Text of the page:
Trust deficit in doctor-patient ties leading to negligence cases

Bengaluru: While more number of hospitals in the city are offering advanced surgeries; there is also a rise in medical negligence cases. Even reputed hospitals are being slapped with heavy fines by the consumer courts in this regard.

Dr Usha Manjunath, Director, Institute of Health Management Research (IIHMR), said the reasons for increase in medical litigation and consumer court settlements are multifold.

Major factors are growing awareness among general public regarding patients’ rights, suffering caused due to medical negligence and trust deficit in doctor-patient relationship.

“In the last two decades, the growth of private hospitals and build up on technology has been the highest in the country. All these factors, along with higher percentage of people using private hospitals (than public ones), will result in increased reporting of negligence,” Dr Usha added.

Recently a consumer court imposed a fine of Rs 11.55 lakh on KIMS hospital at V.V. Puram after a 10-year-old boy became disabled after being administered anesthesia.

As per the case, the patient Sharat Gowda, a 10-year-old boy, met with an accident and was admitted to KIMS. He was given anesthesia and that made him 50% disabled.

The doctors suggested an operation to replace his broken leg part with an iron rod and recommended a small surgery to remove the implant after a couple of days. After the rod implant, Sharat was discharged.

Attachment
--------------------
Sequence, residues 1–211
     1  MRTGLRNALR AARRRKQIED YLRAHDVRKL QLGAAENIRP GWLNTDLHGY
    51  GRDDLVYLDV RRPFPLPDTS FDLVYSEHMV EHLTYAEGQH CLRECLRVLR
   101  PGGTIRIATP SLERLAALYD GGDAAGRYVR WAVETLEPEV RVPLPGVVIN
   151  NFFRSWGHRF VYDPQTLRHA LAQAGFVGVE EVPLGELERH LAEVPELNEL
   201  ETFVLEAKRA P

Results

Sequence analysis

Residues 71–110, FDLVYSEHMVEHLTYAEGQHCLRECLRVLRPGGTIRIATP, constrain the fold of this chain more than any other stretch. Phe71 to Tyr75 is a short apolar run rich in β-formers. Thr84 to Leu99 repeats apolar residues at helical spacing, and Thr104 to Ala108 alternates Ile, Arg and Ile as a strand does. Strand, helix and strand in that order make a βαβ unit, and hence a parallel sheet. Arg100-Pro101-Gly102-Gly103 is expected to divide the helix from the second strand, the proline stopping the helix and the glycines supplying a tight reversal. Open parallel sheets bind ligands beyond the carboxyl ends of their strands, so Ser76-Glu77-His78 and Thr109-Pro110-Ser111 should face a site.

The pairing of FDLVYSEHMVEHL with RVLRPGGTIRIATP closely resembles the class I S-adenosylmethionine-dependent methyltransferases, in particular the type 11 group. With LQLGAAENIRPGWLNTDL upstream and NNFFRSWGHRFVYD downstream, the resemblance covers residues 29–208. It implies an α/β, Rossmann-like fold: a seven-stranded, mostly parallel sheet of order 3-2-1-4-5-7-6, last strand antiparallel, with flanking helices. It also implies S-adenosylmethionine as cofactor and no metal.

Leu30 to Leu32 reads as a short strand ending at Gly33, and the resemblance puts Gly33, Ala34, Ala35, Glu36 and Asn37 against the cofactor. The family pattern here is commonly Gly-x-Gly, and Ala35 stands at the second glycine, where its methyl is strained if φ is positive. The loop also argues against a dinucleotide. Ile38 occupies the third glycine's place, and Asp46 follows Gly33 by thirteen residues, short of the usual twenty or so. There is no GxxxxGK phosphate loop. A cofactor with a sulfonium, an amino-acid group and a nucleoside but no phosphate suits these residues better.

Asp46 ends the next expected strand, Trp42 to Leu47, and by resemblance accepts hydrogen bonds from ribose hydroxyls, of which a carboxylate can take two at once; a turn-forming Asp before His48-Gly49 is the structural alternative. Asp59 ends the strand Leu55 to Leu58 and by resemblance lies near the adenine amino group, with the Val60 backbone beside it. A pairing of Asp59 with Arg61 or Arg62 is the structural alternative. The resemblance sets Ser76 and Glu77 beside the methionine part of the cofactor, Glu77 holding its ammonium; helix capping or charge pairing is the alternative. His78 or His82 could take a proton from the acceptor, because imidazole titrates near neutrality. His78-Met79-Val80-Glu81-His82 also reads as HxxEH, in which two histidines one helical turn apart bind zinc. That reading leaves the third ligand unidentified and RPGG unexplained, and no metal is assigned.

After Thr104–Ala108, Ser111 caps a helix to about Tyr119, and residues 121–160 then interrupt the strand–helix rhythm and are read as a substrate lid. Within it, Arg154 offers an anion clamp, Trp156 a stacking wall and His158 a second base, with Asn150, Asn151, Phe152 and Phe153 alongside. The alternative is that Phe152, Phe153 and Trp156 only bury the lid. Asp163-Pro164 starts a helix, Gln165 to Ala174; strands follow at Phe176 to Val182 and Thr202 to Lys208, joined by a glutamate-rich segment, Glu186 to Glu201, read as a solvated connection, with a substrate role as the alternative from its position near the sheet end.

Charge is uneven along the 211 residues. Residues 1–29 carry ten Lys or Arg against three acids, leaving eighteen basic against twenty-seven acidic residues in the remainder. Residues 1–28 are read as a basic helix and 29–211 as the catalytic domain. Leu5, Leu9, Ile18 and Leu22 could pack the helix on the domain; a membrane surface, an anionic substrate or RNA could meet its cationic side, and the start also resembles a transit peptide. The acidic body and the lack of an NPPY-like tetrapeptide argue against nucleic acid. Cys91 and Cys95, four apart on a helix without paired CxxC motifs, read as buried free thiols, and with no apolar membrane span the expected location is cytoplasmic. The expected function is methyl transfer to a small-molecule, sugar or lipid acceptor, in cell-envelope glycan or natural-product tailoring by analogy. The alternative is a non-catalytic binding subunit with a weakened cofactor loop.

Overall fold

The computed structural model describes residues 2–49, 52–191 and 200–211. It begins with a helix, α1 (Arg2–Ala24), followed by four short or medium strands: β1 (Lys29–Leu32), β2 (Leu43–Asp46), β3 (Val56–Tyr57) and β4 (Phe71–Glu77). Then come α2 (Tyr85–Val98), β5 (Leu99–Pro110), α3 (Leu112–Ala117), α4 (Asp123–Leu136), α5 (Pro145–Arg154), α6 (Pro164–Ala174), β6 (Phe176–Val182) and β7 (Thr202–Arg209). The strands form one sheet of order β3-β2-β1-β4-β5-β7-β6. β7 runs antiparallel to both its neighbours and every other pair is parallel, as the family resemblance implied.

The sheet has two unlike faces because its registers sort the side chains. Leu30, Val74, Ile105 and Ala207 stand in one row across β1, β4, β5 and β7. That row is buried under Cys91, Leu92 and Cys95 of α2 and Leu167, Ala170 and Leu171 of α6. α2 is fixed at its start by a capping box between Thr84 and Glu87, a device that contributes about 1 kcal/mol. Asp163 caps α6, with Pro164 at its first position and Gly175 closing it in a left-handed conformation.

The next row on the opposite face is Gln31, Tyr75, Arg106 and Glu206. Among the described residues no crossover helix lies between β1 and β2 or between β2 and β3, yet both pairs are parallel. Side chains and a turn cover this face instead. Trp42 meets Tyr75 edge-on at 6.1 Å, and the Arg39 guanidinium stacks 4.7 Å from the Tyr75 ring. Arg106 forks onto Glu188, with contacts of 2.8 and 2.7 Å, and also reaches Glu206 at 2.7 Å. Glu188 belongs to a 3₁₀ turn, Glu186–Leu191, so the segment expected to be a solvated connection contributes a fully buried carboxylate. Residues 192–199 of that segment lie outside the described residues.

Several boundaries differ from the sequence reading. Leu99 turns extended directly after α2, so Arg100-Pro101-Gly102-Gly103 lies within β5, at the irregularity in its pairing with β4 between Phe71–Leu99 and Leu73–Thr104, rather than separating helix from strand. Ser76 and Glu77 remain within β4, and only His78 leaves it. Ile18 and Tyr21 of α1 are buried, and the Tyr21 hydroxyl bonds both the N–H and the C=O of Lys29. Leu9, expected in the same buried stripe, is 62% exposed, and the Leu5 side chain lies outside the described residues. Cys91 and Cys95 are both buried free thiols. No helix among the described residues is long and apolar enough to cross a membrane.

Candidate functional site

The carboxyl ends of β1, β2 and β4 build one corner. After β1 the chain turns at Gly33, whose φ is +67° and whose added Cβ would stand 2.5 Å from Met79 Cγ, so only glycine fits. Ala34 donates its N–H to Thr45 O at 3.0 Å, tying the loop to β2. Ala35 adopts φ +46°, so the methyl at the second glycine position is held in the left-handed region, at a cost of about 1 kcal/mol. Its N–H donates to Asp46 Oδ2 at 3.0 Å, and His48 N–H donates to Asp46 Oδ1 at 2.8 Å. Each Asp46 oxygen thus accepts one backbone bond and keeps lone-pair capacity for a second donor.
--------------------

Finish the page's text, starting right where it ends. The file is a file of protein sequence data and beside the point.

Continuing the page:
After four weeks, his father, Srinivas brought him back to the hospital for removal of the implant. After being kept in the operation theatre for four hours, Sharat was shifted to the Intensive Care Unit (ICU).

While the parents spent approximately Rs 1.5 lakh as medical expenses, they were not provided any clarity regarding their son’s health status.

Srinivas then approached his lawyer for legal opinion and filed a case. National Institute of Mental Health & Neuro Sciences later certified that Sharat was 50% disabled after being treated at KIMS, thereby proving the medical negligence.

In another case, a medical negligence case was registered against the pediatricians of M.S. Ramaiah Memorial Hospital after a 35-year-old-man alleged that his twin daughters died after being admitted to hospital for cough and fever.

Dr Usha also said that care in a hospital is all about ‘team work’ (physicians, junior doctors, nurses, technicians etc) and communication gaps could backfire.

She also pointed out that other critical factor which makes diagnosis and treatment difficult is that many patients go to hospitals only during advanced stages of illness.

“Operating hospitals without proper protocols, standards of care, documentation and recording of informed consent could also contribute to the problem. Even in a best scenario of care, high costs and bad health outcomes could act as triggers for public outrage,” she added.

However, Dr T.S. Prabhakar, Joint Director, Medical, Department of Health and Family Welfare, said, “Actions will be taken as per the KPME (Karnataka Private Medical Establishments) act, which was passed this year and the law is very stringent against medical negligence.” 


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